I’d like to point out that I purchased each and every one of these CD’s. None were sent to me free of charge and I was happy to give my support to these great musicians. I hope you’ll consider doing the same.
Jason Parker’s blog can be viewed at http://oneworkingmusician.com/
2 Replies to “Top 10 Seattle Jazz CD’s of 2010 by Jason Parker”
I cannot help but notice a huge ommision from this list Jason. Thomas Marriot’s “Constraints and Liberations” is in my view not only one of the top NW releases of the year, but ranks among the top releases nationally as well. I found this to be his finest yet, and for me personally, is the most exciting release since Michael Brecker’s “Pilgrimmage.” (Wow, let the accolades fly!) As you can see, I am a little stoked by this album,haha. I too am in the habit of purchasing local releases, avoiding downloads so our local musicians maximize their take. Thanks for the list Jason, I have seven of them, will be sure to catch the other three.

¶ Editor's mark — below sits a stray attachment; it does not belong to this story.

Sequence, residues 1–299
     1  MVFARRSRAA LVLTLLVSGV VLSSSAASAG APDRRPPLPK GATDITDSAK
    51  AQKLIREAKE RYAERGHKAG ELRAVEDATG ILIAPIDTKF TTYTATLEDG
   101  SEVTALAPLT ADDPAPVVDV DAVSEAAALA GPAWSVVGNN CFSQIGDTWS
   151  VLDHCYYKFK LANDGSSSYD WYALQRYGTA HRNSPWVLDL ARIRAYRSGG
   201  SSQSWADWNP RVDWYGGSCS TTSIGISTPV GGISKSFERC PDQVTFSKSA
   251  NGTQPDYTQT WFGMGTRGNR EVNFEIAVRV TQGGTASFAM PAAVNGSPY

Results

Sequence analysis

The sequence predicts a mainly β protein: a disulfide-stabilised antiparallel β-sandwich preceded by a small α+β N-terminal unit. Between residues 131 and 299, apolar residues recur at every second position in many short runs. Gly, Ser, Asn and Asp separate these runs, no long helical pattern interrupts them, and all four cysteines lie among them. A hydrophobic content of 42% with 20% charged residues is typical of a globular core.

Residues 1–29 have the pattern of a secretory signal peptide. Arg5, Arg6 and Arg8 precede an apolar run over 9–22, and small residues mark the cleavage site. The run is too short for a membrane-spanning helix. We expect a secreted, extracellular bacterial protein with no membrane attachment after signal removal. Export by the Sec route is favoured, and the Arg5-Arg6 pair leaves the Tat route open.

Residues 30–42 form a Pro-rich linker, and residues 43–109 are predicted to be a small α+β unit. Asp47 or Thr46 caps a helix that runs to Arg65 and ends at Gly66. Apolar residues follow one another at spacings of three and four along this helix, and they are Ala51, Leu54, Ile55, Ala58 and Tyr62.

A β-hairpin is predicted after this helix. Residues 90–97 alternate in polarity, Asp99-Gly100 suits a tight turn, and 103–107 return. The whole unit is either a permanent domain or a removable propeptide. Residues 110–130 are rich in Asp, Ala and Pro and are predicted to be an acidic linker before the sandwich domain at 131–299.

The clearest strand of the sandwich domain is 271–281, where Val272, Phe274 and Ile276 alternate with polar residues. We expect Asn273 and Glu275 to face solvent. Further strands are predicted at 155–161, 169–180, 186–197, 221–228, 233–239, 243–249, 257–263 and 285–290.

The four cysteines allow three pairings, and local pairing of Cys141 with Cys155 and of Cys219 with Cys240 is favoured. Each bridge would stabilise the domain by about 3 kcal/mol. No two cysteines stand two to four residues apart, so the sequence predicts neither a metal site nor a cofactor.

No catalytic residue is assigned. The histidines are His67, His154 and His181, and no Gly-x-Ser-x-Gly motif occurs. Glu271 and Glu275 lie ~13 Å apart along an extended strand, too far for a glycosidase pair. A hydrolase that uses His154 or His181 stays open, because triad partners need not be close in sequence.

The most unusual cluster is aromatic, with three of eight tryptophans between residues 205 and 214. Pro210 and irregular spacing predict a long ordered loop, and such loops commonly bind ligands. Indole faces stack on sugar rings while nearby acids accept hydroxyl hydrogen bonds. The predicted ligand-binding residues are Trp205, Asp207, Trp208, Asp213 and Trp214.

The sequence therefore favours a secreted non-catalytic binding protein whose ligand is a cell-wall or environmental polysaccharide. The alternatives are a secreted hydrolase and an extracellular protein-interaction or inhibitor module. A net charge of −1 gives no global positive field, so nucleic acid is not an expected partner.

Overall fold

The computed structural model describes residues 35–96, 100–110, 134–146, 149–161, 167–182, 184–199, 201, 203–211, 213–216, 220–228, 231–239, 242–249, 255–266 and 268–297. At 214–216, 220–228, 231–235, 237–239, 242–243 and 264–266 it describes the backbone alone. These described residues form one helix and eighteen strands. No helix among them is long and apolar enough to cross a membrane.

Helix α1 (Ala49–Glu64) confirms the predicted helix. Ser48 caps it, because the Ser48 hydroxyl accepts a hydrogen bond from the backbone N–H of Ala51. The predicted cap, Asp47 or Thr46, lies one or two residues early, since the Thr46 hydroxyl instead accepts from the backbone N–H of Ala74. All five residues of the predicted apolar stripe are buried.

I’m wondering if that awlays happens in America. This band thing is a sort of class? Something you get school grades for?In the Netherlands some (High-)schools have bands, but they’re an after-school activity that happens to be at your school with students from your school. Most people play in local orchestras, youth orchestras, or just only in music school. And you get to pick your own instrument Music schools host open days, where all the teachers come with their instruments to tell a bit about it and let people try.Both systems have their pros and cons, though. Band forces people to play a certain type of instrument and a certain type of music, but at least it is an accessible way to play an instrument. When you want to play an instrument here, you have to go to music school or an orchestra, it costs money, and some parents that never learned music themselves just don’t care for it and won’t introduce their child to it.